One unforeseen benefit of nursing a sick dog is the fact that he’ll wake you at all hours of the night to go outside. On the one hand, going into the New Hampshire cold after an all-day mix of wet snow and freezing rain isn’t the most fun way to spend a Friday night: the unshoveled snow was covered with a thin, unstable crust of ice, and shoveled surfaces were glazed with nearly invisible slickness. There’s nothing more pathetic, I think, than watching a whimpering, listless dog slipping over frozen snow trying to find a sheltered place to vomit. Usually I try to hurry Reg when he does his nightly routine of sniffing and peeing around the yard before bedtime, but last night I didn’t have the heart to rush him, even when he woke me past midnight for yet another emergency trip.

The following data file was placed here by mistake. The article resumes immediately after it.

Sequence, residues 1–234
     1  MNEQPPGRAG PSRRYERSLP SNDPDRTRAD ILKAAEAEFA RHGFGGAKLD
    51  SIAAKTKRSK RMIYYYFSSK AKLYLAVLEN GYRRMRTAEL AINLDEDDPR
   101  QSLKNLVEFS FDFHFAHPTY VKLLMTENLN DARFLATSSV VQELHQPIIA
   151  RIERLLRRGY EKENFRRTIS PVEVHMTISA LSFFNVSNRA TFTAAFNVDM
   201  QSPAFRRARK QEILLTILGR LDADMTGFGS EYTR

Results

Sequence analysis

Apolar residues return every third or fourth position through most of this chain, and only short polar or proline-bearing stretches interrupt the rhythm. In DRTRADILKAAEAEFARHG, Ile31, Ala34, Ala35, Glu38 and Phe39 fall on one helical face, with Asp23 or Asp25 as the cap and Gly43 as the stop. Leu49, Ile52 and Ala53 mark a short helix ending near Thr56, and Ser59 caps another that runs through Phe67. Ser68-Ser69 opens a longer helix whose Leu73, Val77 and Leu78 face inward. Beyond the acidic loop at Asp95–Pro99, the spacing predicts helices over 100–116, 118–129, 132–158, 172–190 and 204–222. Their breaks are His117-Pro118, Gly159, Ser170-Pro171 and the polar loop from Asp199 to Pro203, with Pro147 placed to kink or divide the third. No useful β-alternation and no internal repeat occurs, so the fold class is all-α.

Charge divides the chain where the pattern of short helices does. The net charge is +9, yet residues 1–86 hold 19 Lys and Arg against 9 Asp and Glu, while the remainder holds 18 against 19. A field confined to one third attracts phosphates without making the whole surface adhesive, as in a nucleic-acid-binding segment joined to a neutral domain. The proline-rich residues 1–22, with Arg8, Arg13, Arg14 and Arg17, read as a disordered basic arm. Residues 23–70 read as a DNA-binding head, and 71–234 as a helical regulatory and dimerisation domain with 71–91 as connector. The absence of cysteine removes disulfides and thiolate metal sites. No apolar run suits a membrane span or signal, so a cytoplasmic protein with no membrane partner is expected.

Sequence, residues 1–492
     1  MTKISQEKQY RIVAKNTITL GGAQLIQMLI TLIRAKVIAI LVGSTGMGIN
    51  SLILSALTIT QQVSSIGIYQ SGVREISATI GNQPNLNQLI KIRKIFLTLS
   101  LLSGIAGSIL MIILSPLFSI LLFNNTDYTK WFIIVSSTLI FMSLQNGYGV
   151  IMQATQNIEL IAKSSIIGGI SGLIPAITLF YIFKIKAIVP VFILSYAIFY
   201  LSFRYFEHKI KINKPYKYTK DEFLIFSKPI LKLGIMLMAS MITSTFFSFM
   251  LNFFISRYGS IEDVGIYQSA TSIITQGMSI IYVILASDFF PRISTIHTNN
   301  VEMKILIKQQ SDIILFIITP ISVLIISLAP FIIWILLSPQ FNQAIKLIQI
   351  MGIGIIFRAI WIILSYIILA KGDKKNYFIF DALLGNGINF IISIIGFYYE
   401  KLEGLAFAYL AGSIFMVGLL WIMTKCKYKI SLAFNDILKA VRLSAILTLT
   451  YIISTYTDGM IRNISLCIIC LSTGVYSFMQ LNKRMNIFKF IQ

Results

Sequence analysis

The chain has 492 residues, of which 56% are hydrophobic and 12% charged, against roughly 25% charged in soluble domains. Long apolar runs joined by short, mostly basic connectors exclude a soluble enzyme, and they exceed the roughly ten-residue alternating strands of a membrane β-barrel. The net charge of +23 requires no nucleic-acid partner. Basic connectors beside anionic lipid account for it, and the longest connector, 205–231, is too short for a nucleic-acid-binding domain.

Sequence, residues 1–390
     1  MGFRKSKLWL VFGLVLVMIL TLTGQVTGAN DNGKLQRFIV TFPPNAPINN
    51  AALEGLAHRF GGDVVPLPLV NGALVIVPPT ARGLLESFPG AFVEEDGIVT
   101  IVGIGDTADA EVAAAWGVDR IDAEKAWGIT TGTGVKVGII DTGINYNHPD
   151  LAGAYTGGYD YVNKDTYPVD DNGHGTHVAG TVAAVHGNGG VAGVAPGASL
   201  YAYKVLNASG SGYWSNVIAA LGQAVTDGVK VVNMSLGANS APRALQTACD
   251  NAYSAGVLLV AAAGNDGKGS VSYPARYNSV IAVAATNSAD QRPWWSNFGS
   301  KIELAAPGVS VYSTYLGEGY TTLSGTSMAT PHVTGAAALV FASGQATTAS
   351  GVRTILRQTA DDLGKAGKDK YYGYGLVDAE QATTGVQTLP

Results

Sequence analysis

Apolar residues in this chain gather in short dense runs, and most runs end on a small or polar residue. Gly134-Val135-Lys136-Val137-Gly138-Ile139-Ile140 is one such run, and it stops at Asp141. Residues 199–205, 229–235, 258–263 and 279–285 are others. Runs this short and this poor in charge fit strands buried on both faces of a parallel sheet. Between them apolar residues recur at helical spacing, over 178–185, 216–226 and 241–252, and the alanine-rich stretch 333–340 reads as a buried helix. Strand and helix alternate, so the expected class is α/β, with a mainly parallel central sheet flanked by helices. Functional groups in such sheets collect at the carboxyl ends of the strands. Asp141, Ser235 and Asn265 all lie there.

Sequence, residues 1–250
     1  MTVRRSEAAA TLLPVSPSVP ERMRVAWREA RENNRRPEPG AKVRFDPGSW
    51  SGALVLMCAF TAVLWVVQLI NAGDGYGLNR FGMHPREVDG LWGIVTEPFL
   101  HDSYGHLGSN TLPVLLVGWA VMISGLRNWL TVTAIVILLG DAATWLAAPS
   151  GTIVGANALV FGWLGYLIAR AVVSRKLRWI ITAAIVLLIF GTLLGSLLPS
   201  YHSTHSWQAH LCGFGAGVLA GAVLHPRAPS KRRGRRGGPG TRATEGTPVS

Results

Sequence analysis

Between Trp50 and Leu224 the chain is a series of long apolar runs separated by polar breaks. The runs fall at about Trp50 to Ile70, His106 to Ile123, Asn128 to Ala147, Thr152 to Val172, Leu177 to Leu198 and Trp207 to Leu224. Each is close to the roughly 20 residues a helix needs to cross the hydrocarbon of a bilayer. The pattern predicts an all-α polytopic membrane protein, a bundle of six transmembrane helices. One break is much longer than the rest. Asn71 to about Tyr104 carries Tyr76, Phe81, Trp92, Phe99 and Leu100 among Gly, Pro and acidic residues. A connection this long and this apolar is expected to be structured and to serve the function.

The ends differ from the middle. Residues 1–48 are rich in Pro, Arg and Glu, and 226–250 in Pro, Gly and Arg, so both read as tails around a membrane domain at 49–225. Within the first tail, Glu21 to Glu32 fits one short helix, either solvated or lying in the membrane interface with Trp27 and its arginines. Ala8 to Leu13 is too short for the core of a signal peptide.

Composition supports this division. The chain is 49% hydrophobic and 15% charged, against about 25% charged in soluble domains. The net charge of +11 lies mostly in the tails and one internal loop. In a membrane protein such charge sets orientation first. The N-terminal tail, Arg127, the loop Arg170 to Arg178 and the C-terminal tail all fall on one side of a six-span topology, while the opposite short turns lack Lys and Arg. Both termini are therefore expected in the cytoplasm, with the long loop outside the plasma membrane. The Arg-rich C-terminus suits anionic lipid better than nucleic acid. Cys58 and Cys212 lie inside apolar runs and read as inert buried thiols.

And yet while I fretted over a dog whose suffering I was helpless to mitigate, last night past midnight I was struck at how quiet and serene my backyard was. I already knew via Paperfrog that last night’s moon was particularly high overhead; I also knew from seeing that moon earlier in the evening that it was full and wondrously lustrous, crystal clear in the cold winter sky.
What I hadn’t expected, though, were the moon shadows: one human-shaped, the other canine. I can’t remember the last time I was out and about past midnight even on a Friday night, but last night I learned that most of my neighbors are asleep then…at least the ones who aren’t college students and thus haven’t left Keene to go home for the holidays. On a cold winter’s night when nearly everyone else is asleep with lights out, the full moon high overhead does cast shadows: two bluish blobs following Reggie’s and my feet as we picked our careful way over ice-crusted snow.
No, Reggie’s not better…and the vet isn’t sure why. Yesterday afternoon it took three women–doctor, vet tech, and Mom–to wrestle a wriggling Reg while a blood sample was taken…and now we wait for word on what’s Really Wrong. Stay tuned…